BUSINESS & ECONOMY

New program for adults with autism opens in Woodbridge

BY Leah Mishkin, Correspondent |

With the cut of scissors, opportunities for people with Autism were born in Woodbridge. Julie Barnett hugged the mayor while her husband Al stood beside her.

About two years ago, they started looking for a program for their son, Thomas, because when he hits the age of 21, Julie said he’d age out of the school district.

“Thomas is a wonderful boy from when he was very little, always singing, always very happy, very, very extremely loving,” she said. “Other than his language barrier, he’s perfect.”

But they couldn’t find a day program in their community.

“One day I just went to my husband and I got very upset. I said we have to do something in Woodbridge and the mayor as wonderful as he is, was on board,” said Julie.

“It struck a cord. It meant something to think about these parents who have 19- and 20-year olds and they’re wondering what they’re going to do,” said Woodbridge mayor John McCormac.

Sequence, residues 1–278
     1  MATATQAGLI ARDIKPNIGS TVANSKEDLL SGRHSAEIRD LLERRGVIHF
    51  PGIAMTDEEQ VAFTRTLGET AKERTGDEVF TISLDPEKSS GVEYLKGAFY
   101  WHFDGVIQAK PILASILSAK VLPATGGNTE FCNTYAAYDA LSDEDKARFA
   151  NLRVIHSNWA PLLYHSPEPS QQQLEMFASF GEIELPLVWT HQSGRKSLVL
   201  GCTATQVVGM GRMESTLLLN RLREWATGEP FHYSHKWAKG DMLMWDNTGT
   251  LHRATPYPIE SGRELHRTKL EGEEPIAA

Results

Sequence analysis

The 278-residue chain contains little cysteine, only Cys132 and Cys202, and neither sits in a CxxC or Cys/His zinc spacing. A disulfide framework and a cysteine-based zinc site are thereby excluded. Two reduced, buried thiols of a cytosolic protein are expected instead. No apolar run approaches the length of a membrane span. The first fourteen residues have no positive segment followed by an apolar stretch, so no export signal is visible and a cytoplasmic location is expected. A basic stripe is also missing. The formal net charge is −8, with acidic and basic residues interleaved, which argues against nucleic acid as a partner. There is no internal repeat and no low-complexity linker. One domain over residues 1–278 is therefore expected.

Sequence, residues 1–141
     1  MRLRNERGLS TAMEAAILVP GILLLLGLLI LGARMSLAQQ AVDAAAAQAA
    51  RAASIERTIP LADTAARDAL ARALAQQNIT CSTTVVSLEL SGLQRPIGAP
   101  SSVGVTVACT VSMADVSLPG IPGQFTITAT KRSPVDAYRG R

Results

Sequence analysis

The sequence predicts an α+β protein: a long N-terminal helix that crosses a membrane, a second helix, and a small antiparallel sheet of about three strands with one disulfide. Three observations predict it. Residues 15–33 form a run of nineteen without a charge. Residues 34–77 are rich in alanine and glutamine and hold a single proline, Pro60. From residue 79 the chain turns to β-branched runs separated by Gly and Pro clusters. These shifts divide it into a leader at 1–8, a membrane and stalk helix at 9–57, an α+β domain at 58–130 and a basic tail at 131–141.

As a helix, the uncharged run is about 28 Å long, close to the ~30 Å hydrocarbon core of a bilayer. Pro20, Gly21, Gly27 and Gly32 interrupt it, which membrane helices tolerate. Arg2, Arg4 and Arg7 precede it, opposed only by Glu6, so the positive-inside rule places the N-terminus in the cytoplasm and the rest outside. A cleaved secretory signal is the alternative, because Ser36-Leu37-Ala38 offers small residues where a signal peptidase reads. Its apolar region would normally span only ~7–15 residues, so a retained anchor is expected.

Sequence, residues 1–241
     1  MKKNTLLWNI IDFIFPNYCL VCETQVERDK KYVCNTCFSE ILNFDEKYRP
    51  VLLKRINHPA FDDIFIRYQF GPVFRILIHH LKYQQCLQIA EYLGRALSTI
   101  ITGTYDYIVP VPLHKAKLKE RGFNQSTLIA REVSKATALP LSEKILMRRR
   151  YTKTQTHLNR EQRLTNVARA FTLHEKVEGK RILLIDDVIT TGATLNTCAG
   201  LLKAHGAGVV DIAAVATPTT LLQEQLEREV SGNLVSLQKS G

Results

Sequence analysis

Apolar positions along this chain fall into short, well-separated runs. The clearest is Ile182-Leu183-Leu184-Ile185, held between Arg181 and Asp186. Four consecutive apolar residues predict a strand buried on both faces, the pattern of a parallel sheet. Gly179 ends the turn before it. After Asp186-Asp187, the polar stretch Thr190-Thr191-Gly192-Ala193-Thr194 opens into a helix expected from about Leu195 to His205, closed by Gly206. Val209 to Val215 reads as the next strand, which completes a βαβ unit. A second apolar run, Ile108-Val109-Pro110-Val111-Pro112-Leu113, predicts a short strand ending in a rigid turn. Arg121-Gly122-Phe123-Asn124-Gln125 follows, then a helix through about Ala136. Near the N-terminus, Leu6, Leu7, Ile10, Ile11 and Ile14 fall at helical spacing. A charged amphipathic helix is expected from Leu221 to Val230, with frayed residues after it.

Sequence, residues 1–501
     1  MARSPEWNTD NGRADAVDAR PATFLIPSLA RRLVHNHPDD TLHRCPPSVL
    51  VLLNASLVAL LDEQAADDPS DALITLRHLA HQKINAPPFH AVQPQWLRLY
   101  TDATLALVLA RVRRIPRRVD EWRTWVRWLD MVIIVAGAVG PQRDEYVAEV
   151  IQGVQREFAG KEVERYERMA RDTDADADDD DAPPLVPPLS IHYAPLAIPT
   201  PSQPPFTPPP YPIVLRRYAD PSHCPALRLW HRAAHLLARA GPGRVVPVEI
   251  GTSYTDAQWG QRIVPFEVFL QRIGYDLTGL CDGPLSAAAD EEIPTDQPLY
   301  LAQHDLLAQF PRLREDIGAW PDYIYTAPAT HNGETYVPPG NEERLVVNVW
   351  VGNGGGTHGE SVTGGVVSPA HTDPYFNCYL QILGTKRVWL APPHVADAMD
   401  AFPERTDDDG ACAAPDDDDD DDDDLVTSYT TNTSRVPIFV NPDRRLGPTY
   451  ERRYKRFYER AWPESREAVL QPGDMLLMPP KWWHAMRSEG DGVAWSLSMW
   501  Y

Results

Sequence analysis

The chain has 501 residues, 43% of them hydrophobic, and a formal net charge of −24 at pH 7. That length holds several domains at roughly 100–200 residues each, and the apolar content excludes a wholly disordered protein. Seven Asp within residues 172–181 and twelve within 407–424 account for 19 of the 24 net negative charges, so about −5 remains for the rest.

The need was filled when the agency Our House brought its Hope Autism Solutions program to Woodbridge. The director, Tara Johnson, says the program helps people out of high school work on vocational training skills.

How does it work? Participants go into the community and volunteer at different sites.

“For example, we’d go to ShopRite and we help bag groceries, stock the shelves and different things like that,” said Johnson.

The group visited the Hackensack Meridian Health Raritan Bay Medical Center on Monday. Thomas was in action training in food services. Thomas’ parents said the program gives their son a chance to be part of the community.

“He absolutely loves it. His first day here we asked him what he was doing and we had more responses from him and details responses as to all the things he did throughout the day,” said Al.

They hope down the line Thomas will be able to work a few days a week.

“He wants to work in the Amazon warehouse. He’s very good technically so there are a lot of things he could do,” his father said.

From the beginning, when Thomas was diagnosed with autism as a toddler, the Barnett’s said their mission was to make sure their son had the same childhood as everyone else. That mission hasn’t changed and that’s why they fought to make this program a reality.

“I just love him so much and I just thank God that this has come to light,” said Julie. When asked what she wants others to take away from this, tearing up, she said, “Please treat them with respect and do not look at them like they’re less than.”